Another possible reason for voter apathy was election fatigue. Since May 2008, when the first election was held to the Eastern Provincial Council, the country has witnessed elections in every nook and corner. Notably, since the 2008 Eastern Provincial Council election, there have been Local Authorities Elections in Batticaloa District (except for the Kaththankudi Urban Council where elections were held in 2006) and Provincial Council Elections in North Central Province and Sabaragamuwa Province. In 2009 local authorities elections were held for the Jaffna Municipal Council and Vavuniya Urban Council, while Provincial Council Elections were conducted in Southern Province, Uva Province, Western Province and Central & North Western Province. All these were capped by the Presidential Election, billed as the mother of all elections.
The ‘weakening democracy’ argument, consequently, has limited relevance, and is more a reflection of frustration at the Opposition’s rout, rather than an objective index of the ground situation. Election observers, moreover, concluded that polling was conducted in a free and fair manner. “Polling on Election Day took place in a generally uneventful manner, except for a few significant incidents,” People’s Action for Free and Fair Elections (PAFFREL) noted. The Centre for Monitoring Election Violence (CMEV) added, further, “We conclude that despite this (random incidents of intimidation and rigging), the overall result does reflect the will of the electorate.” Both groups did note incidents of vote-rigging and intimidation, and CMEV stated, “We wish to record our deep concern about incidents in which polling agents were evicted from polling stations, sometimes forcefully. Furthermore, there were cases of voter obstruction and alleged attempts to rig the results.” The Elections Commissioner had delayed issuing the results of the vote in 45 seats, where the worst incidents were reported.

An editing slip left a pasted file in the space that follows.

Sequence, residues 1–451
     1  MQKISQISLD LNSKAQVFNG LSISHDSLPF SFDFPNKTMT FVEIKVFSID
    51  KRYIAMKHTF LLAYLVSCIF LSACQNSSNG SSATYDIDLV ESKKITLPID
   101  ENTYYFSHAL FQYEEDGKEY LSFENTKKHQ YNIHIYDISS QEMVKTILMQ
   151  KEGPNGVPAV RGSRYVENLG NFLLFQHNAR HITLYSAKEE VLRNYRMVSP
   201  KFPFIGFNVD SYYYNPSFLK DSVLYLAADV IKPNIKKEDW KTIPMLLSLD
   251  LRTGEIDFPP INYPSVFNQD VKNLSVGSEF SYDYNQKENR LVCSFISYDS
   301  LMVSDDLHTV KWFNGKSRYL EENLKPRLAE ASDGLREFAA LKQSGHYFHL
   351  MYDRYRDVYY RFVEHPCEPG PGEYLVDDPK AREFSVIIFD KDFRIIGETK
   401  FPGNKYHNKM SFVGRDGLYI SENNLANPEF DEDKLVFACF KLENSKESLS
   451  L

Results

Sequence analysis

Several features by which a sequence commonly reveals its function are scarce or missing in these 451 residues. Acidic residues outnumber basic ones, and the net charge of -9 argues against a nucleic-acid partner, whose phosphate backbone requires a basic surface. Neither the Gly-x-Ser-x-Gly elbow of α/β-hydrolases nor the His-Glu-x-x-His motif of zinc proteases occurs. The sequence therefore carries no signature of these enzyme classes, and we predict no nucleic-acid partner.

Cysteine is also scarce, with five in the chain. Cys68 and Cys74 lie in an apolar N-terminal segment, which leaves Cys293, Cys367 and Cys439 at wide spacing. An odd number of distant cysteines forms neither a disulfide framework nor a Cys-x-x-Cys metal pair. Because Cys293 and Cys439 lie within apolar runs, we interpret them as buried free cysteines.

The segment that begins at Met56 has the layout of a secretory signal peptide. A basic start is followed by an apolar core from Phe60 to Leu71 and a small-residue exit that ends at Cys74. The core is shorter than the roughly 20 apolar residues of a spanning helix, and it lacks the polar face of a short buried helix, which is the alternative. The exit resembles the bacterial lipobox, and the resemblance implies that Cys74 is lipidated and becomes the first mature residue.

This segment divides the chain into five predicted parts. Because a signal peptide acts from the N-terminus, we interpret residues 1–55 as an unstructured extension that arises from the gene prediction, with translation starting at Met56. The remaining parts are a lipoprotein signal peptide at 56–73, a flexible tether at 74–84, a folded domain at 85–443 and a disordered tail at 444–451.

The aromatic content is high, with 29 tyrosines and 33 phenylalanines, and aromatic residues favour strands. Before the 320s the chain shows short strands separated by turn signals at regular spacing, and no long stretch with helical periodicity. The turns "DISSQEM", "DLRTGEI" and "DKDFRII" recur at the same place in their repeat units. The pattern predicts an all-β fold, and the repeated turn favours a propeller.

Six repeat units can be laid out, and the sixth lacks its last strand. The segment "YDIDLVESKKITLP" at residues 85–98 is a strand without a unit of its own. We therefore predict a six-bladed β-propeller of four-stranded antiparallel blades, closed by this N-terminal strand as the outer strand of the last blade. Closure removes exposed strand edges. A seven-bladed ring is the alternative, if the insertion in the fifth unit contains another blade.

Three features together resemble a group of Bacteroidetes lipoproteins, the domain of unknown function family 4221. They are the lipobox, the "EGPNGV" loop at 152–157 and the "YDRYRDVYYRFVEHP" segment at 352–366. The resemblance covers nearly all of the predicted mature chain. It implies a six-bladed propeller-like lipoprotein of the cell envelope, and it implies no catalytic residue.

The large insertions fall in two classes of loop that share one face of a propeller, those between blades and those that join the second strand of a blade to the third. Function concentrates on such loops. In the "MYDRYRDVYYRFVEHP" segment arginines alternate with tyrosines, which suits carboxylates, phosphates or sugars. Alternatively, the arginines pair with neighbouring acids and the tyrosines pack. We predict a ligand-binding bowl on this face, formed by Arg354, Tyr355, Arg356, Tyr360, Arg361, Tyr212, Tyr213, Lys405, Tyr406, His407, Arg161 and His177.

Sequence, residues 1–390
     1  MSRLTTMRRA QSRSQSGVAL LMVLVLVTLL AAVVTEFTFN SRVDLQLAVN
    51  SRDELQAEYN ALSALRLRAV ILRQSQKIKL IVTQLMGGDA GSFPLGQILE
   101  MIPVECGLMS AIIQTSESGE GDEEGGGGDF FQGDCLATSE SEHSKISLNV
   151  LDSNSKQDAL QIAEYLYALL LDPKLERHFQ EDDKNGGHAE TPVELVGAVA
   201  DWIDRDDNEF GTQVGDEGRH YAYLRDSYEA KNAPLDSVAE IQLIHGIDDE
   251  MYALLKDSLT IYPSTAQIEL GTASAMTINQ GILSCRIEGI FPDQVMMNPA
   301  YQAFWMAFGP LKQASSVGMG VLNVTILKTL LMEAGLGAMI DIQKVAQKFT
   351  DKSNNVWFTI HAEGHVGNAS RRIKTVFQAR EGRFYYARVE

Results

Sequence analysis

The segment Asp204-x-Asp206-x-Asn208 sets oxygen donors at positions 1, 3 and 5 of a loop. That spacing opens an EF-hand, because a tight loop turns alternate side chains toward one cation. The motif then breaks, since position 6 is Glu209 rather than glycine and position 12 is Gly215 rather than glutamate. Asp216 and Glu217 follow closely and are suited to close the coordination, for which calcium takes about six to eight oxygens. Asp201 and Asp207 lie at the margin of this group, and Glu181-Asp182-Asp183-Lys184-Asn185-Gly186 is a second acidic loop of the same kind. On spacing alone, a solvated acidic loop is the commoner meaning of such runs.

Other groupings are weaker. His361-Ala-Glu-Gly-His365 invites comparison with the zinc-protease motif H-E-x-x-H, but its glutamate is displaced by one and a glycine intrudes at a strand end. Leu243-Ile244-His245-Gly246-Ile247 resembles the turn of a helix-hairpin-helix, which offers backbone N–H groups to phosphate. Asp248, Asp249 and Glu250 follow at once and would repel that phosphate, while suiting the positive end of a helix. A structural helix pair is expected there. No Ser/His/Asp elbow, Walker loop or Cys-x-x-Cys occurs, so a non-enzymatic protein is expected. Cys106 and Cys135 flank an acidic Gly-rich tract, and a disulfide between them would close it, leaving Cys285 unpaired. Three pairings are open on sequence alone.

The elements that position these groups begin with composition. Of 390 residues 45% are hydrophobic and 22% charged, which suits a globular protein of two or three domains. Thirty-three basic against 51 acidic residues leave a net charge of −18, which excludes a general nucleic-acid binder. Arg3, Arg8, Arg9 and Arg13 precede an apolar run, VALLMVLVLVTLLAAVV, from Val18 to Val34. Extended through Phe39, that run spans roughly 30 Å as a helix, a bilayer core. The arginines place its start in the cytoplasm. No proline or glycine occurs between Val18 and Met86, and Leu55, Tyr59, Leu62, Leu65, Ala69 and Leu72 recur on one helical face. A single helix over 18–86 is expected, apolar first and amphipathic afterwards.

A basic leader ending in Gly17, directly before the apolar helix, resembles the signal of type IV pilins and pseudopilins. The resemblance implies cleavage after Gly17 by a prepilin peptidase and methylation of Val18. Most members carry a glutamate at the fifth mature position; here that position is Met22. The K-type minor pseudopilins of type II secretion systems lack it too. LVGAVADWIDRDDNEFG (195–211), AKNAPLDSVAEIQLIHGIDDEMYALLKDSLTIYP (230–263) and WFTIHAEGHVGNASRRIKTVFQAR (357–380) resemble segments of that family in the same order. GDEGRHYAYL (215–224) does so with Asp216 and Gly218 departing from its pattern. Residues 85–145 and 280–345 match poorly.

This is in significant contrast to the Presidential Elections held in January 2010. PAFFREL, one of the two accredited election monitoring groups, had then received reports of 224 violent incidents. Between December 17, 2009, and January 11, 2010, the group received reports of 50 assaults, 8 shootings and 11 incidents of threat and intimidation. CAFFE reported 259 election violations between August 15, 2009 and January 11, 2010, including 49 cases of assault and 74 incidents of election law violation. The number of poll-related deaths during the Presidential elections was reported to be four.
But there is little sign of political reconciliation in the country and, worryingly, the Government itself is more or less to blame for this. Significantly, political violence continued for long after the Presidential Election, mostly directed against Opposition parties as part of a broader Government crackdown against supporters of the defeated opposition candidate, General Sarath Fonseka. On January 31, the CMEV reported that it had recorded 85 complaints of post-election violence, of which a clear majority (50) were made against the ruling UPFA, confirming a resort to a pattern of unwarranted vendetta politics by the victors in the electoral contest.
The electoral outcome also suggests that any solution to the ethnic divide in the country will become more elusive. The TNA secured the support of the majority in the Tamil-dominated East and North Provinces, and now claims to be the ‘true representative’ of the Tamils in these regions. The TNA manifesto had prominently included the following demands: